3. For Desirable Destinations. Soon after the rails to trails bikeway system became well established, my wife and I regularly rode south to Corwin, Ohio, where for awhile there was an ice cream parlor, now gone. Then we discovered Stoney Creek Roasters (now Telemetry) in Cedarville, with its welcoming half-moon deck above Massie’s Creek, cool beneath the sycamores on even the hottest day. Lately we’ve added Table of Contents Café inside Blue Jacket Books at 30 South Detroit Street in Xenia, where you can enjoy gourmet lunches (served 10:00 a.m. until 3:00 p.m. Monday through Saturday), including such delicacies as African peanut soup; grilled cheese sandwiches threaded with scallions on potato bread; and key lime cheesecake. Feed your body and mind simultaneously, surrounded by 50,000 books!
  4. For Companionship. I’m both a solitary and social biker—each has special benefits. And while I do sometimes visit destinations alone, I’m usually there with my wife. On the trail, she sees (and hears) a lot more bird species than I do, invites me to look up and appreciate the sky more than I would by myself, and, most importantly, talked me into riding at night. There’s nothing quite like gliding down the bike trail from Xenia to Yellow Springs, especially in October, light on and dressed warmly. Passing silently down that long, dark tunnel, I feel the earth around me even more than in daylight, the closest I’ll ever get to flying on the ground. And it’s thanks to my wisely adventurous companion. I’d never have done this alone.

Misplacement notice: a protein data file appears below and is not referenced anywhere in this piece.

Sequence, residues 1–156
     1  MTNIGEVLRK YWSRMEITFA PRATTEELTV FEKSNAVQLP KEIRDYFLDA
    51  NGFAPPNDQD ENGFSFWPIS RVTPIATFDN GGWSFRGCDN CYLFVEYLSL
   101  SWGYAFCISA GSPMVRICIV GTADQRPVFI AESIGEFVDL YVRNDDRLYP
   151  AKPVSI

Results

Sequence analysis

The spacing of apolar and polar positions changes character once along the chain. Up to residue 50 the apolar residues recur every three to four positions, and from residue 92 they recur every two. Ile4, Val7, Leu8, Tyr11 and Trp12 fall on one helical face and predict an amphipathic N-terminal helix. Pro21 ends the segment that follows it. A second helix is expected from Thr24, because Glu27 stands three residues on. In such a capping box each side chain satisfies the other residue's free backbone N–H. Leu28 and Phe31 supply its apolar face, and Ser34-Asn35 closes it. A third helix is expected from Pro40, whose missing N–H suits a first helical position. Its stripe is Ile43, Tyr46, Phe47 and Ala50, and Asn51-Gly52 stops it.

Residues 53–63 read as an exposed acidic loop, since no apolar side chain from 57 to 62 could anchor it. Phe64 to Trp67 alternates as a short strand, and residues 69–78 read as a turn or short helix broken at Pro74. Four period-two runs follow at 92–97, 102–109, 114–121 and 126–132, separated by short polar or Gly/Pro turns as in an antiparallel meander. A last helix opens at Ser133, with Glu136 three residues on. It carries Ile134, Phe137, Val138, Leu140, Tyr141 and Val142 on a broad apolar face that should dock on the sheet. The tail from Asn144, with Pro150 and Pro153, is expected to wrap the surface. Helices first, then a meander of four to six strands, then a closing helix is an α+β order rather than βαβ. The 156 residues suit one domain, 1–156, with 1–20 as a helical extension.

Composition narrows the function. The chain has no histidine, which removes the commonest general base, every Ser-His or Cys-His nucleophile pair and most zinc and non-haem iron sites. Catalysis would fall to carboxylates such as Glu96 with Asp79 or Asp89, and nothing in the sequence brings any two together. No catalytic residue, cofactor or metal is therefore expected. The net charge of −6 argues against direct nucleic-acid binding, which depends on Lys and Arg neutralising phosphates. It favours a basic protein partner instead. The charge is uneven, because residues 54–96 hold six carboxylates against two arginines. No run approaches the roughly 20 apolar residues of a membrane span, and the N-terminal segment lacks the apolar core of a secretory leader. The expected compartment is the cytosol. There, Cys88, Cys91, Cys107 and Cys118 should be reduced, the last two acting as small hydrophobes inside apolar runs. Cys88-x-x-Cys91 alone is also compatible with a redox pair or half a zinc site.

5. For Writing Opportunities. I try not to write in my head while riding so that I won’t miss the fields, clouds and orioles, knowing that when I arrive at one of the above destinations, I’ll turn it into a writer’s retreat, where, somehow under less pressure to produce, I’ll hammer out that review or blog that might’ve distracted me earlier from fiction or poetry. But that doesn’t mean you can’t interrupt if you see me with bowed head above journal or laptop.